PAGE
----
Inventing bread

I love to bake. I pride myself on my biscuits and French bread, both oven-baked from scratch. Real Southern biscuits, the kind that soothe your soul and raise your cholesterol. Perfect French bread, stellar with spaghetti and lasagne. I also mastered (though for many years haven’t practiced) the art of salt risin bread, the kind you start with potatoes as yeast. Smells like hell, tastes like heaven. (I do think I need to resurrect that art!) 

So why, for cryin out loud, haven’t I transferred that gift and that love to the breadmaker? Why have I treated breadmaker bread like an invitation to mechanics rather than art? Why have I resigned myself to the breadmaker crapshoot, never knowing how the loaf will turn out or whether it will actually taste good?

Yesterday it finally came through to me that I didn’t have to use mixes, didn’t have to follow recipes. The result is quite wonderful. Here’s my recipe for breadmaker spelt bread:

Crust setting: dark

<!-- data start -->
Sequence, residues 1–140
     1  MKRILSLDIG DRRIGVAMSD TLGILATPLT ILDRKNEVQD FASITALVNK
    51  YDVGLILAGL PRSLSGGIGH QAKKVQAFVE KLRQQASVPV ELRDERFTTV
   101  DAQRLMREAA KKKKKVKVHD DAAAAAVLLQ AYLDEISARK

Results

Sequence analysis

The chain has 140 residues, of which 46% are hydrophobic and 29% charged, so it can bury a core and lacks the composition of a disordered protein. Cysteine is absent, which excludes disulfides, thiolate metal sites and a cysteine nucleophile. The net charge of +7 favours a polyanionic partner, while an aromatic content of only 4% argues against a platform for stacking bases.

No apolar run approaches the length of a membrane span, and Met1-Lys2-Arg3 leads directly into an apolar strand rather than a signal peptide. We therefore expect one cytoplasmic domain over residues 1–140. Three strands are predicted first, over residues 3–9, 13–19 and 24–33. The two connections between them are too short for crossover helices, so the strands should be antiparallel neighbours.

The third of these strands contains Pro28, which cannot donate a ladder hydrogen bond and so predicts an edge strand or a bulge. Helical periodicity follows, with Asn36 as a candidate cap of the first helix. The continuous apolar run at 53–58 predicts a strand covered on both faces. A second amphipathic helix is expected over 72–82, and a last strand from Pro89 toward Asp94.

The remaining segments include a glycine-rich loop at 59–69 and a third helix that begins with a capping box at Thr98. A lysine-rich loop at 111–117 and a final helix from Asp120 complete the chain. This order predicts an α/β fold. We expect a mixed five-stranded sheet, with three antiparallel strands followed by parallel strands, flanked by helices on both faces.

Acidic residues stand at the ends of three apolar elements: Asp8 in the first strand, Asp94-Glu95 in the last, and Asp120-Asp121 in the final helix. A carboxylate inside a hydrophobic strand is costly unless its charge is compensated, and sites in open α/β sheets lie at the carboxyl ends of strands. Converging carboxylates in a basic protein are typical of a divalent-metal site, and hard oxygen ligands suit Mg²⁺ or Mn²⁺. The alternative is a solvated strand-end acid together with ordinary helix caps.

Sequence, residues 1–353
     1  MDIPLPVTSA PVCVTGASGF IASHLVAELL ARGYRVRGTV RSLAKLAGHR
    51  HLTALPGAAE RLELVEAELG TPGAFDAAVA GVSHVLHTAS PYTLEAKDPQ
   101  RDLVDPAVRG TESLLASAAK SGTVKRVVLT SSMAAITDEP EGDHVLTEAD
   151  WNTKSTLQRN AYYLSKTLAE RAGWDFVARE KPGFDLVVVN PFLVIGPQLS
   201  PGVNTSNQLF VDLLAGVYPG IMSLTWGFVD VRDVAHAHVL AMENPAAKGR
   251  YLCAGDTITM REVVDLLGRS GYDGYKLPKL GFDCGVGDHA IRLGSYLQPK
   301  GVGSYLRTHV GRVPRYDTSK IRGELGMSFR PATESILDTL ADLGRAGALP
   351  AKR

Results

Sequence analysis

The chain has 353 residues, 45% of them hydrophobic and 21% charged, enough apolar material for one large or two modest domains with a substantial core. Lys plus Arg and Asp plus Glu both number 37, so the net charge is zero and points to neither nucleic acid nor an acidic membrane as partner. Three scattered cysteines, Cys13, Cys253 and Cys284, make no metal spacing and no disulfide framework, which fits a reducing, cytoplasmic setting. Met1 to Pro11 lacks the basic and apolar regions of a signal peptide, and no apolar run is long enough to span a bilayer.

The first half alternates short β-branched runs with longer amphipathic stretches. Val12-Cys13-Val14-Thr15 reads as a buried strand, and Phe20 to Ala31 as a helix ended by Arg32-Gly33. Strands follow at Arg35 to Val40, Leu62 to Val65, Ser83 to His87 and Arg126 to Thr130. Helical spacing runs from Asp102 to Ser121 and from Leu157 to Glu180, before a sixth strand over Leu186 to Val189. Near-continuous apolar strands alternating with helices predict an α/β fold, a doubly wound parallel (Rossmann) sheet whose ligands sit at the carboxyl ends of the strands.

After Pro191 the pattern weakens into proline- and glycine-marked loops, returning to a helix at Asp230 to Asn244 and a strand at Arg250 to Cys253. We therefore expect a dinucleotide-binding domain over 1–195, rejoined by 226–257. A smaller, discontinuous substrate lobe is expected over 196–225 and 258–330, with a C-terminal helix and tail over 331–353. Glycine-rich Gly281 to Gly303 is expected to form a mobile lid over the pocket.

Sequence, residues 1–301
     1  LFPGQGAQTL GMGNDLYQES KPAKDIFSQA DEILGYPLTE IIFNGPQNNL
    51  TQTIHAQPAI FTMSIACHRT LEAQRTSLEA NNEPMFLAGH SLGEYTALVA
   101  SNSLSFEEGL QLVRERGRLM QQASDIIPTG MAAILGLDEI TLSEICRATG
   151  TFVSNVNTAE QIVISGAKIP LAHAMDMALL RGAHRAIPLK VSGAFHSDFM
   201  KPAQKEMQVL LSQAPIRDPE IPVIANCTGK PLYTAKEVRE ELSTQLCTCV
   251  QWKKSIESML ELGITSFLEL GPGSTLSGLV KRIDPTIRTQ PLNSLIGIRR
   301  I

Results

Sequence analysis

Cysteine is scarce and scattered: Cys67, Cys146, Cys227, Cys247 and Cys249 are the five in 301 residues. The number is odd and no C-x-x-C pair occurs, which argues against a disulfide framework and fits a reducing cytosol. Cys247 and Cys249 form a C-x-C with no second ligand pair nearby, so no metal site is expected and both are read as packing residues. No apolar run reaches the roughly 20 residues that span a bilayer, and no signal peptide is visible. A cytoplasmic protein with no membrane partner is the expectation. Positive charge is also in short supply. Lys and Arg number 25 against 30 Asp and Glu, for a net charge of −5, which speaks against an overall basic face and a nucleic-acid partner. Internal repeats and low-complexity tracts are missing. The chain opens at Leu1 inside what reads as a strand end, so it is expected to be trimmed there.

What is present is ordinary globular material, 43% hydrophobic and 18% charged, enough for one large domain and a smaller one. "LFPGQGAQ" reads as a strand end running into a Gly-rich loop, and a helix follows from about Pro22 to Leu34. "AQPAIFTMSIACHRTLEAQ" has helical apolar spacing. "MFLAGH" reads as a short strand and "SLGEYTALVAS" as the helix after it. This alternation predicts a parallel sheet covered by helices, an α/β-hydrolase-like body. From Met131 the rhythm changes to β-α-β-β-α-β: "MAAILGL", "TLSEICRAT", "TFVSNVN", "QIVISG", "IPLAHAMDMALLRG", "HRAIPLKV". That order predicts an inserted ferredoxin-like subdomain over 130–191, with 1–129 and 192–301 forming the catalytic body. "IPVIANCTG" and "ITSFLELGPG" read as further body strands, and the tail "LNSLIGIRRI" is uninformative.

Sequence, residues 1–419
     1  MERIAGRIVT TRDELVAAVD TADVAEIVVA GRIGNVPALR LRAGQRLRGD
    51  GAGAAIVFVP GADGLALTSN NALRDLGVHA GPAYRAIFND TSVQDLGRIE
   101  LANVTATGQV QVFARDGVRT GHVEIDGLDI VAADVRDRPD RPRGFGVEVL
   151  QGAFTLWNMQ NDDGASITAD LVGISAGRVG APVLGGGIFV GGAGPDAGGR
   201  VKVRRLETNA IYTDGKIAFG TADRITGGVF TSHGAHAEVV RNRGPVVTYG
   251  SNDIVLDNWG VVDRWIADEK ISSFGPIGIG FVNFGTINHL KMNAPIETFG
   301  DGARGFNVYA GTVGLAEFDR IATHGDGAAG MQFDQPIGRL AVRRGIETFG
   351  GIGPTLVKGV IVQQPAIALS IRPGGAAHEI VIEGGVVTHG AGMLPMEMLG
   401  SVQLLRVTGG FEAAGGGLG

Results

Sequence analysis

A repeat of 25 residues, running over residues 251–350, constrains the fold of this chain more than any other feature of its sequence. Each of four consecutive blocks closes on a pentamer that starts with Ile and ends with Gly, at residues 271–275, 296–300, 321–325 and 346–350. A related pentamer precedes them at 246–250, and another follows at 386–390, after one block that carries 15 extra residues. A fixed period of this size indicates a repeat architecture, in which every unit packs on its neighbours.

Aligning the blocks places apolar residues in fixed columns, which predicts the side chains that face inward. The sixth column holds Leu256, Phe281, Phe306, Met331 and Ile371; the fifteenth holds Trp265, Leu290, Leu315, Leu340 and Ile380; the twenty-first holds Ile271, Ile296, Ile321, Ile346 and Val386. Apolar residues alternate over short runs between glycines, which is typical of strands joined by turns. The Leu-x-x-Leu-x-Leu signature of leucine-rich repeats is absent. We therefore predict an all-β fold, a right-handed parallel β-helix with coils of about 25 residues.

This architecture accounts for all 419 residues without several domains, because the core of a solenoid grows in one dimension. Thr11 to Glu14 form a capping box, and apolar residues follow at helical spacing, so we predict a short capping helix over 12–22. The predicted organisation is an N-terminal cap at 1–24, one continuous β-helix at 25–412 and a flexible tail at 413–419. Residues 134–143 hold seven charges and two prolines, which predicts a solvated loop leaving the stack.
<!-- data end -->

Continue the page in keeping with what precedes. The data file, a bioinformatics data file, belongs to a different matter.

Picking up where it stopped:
1 c minus 1 T lukewarm water (err on the cool side if you’re not sure)
2 T canola oil
2 T maple syrup
½ t liquid lethicin
2 c spelt flour
1 c white bread flour
3 T whey
1-½ t sea salt
2 t yeast

As the loaf begins to knead, have a spatula, some lukewarm water, and some white bread flour on hand to adjust the dough as needed. It should pull away from the pan as it kneads, but it shouldn’t be lumpy.

Enjoy. We are.


2 thoughts on “Inventing bread

  1. Good stuff. The lecthicin makes it more nutritious; the whey improves the texture and flavor. (You could use powdered milk as a substitute.) This bread was a great hit with our guests. It has no particular flavor, so it doesn’t compete with whatever you’re eating it with, yet it tastes really good.

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